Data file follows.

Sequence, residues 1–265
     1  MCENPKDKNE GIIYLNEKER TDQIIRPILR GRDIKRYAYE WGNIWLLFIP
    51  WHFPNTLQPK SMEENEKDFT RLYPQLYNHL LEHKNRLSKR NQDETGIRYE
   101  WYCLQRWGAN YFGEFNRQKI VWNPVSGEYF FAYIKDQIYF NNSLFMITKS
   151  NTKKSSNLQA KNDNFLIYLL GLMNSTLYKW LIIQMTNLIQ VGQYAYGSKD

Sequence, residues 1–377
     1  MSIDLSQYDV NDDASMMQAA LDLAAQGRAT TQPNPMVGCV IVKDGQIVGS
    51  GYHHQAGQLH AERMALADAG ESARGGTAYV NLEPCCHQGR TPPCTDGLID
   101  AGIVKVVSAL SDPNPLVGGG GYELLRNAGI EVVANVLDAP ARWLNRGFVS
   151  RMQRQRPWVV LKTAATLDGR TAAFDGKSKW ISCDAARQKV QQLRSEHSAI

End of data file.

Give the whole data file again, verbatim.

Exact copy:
Sequence, residues 1–265
     1  MCENPKDKNE GIIYLNEKER TDQIIRPILR GRDIKRYAYE WGNIWLLFIP
    51  WHFPNTLQPK SMEENEKDFT RLYPQLYNHL LEHKNRLSKR NQDETGIRYE
   101  WYCLQRWGAN YFGEFNRQKI VWNPVSGEYF FAYIKDQIYF NNSLFMITKS
   151  NTKKSSNLQA KNDNFLIYLL GLMNSTLYKW LIIQMTNLIQ VGQYAYGSKD

Sequence, residues 1–377
     1  MSIDLSQYDV NDDASMMQAA LDLAAQGRAT TQPNPMVGCV IVKDGQIVGS
    51  GYHHQAGQLH AERMALADAG ESARGGTAYV NLEPCCHQGR TPPCTDGLID
   101  AGIVKVVSAL SDPNPLVGGG GYELLRNAGI EVVANVLDAP ARWLNRGFVS
   151  RMQRQRPWVV LKTAATLDGR TAAFDGKSKW ISCDAARQKV QQLRSEHSAI